MANILA, Philippines – With the recent celebration of World Tobacco Growers Day, tobacco farmers slammed the World Health Organization (WHO) Framework Convention on Tobacco Control (FCTC), claiming that they have always been consistently deaf to the plight of tobacco farmers and stakeholders. However, on November 12-17, health representatives from all over the world will converge in Seoul, South Korea for the 5th Conference of Parties (COP5) to discuss the FCTC. Part of its agenda includes Articles 17 and 18, which ensures the protection of tobacco farmers.
“The WHO FCTC is not your enemy, we are not your enemy,” said Irene Reyes, Managing Director of HealthJustice, a public health policy NGO. “In fact, although the first mandate of the FCTC is to reduce smoking prevalence, one of its guiding principles stresses the importance of technical and financial assistance to ensure that those whose livelihoods are affected by tobacco control are given suitable alternatives.”
Southeast Asian Tobacco Control Alliance (SEATCA) Director Bungon Ritthiphakdee said that the International Tobacco Growers Association (ITGA), a known tobacco industry front group, is “clearly perpetuating a falsehood – a strategy also used by the tobacco industry in other parts of the world – that the tobacco control measures to which the Philippines is committed will leave them all twisting in the wind. This is not true. In fact, 15% of the incremental revenues from excise tax allocation goes into the welfare of farmers to take care of them.”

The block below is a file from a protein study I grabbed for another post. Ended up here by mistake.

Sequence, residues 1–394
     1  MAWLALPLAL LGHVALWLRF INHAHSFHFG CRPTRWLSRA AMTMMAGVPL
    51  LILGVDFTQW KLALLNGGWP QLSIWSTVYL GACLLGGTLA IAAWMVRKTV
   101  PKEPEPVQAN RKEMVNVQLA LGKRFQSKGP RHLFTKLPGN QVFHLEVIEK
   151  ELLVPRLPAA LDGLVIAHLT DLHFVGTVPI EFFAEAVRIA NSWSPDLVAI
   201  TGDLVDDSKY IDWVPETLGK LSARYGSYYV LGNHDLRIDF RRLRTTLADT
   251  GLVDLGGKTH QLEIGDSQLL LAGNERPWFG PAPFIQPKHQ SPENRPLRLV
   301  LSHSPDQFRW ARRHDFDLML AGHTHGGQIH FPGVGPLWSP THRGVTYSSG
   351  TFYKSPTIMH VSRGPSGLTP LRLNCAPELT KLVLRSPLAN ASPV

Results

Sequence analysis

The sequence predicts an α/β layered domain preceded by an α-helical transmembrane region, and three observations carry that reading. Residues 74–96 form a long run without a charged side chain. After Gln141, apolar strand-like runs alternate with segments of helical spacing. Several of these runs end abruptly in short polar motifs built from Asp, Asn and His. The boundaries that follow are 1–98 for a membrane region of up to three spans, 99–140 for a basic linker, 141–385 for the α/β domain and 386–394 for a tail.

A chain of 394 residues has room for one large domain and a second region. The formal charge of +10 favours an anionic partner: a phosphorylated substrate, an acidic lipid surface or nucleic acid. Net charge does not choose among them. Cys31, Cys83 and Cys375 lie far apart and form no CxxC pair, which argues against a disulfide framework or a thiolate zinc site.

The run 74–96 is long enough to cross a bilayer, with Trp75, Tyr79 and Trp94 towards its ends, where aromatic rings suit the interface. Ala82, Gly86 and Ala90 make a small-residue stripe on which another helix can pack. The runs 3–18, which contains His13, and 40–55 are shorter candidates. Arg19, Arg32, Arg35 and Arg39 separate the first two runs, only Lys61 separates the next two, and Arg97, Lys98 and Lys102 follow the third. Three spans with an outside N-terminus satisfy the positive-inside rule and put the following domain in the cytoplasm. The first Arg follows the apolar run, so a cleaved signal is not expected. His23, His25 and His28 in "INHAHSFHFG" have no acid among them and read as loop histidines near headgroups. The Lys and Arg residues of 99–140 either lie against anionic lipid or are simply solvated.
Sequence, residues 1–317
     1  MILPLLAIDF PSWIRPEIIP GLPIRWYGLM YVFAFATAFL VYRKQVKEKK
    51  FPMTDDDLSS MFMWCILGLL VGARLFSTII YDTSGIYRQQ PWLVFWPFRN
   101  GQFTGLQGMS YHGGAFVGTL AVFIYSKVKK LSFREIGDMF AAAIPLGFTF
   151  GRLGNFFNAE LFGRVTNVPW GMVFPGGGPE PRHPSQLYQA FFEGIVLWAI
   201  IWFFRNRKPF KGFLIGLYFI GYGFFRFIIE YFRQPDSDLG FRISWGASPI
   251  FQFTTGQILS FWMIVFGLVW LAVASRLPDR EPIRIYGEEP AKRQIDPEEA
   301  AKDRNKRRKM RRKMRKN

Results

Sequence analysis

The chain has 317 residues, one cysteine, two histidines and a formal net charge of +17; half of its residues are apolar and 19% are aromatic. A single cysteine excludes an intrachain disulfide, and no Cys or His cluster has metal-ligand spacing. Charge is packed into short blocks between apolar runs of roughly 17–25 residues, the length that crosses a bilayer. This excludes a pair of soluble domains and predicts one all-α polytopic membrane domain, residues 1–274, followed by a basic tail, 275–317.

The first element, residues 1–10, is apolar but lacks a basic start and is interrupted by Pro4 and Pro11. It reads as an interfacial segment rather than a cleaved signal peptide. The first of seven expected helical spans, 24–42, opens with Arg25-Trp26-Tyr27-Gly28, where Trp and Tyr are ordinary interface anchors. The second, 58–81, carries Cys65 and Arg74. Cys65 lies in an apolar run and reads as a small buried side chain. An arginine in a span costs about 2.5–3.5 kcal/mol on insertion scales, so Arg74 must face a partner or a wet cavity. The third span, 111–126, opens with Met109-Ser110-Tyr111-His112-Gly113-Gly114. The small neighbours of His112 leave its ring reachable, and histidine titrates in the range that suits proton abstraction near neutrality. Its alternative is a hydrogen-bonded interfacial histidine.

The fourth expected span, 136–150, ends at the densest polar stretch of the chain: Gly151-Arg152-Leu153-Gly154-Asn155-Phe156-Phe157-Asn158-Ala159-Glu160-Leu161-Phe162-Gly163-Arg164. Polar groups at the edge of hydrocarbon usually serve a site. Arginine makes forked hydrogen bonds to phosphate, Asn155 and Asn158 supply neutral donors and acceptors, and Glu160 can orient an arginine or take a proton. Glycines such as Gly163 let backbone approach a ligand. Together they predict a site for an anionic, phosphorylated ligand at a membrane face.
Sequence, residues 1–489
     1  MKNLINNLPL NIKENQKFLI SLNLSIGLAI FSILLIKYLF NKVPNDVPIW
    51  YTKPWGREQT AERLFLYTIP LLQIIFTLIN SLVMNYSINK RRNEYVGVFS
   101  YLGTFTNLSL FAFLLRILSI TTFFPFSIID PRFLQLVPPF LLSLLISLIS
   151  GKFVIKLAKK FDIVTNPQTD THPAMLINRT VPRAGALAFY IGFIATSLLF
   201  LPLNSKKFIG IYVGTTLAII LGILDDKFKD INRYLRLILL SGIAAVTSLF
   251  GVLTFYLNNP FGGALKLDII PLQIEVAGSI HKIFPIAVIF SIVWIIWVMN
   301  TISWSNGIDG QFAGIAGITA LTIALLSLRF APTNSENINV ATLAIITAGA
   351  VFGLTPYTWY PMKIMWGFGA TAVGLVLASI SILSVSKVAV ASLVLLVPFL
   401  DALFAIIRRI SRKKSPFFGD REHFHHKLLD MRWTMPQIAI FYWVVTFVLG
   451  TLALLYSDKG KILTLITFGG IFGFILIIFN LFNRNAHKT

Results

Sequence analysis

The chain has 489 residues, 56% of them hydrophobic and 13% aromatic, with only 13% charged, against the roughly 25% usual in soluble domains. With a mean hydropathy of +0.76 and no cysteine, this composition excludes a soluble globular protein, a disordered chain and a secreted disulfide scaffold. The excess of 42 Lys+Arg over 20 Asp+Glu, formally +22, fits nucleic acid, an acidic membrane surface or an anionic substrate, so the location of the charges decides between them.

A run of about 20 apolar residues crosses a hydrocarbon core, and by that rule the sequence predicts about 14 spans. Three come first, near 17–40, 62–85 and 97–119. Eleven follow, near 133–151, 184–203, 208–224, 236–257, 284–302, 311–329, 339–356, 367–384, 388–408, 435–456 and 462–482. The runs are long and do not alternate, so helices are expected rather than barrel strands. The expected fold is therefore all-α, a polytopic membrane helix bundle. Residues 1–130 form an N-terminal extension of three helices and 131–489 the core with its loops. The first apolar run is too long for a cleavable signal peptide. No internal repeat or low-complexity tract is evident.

Health groups also condemned the statements of Philippine Tobacco Growers Association President Saturnino Distor, who said that the WHO proposals “put the lives of some 2.7 million tobacco farmers and their dependents at risk without offering them economically viable alternative crops.”
Former tobacco farmer Avelino “Ka Abe” Dacanay has shifted to planting corn, which he says earns him more money due to its multiple rotations. “Hindi Sin Tax ang papatay sa tobacco industry, kundi ang di tama na pagbigay ng presyo sa tobacco. Ang industriya ang dapat ikatakot ng mga magsasaka,” he says.
Ka Abe is also a representative of the Solidarity of Peasants Against Exploitation, better known as Stop-Ex. He now fights for farmers’ rights in the country.
Studies show that crops such as corn, peppers, onions, and tomatoes stand to earn farmers a bigger profit as compared to tobacco. “COP5 aims to discuss the guidelines on the implementation of alternative livelihood for tobacco farmers so that the government can invest in programs that can help them shift to these healthier and more profitable crops,” continues Reyes. ###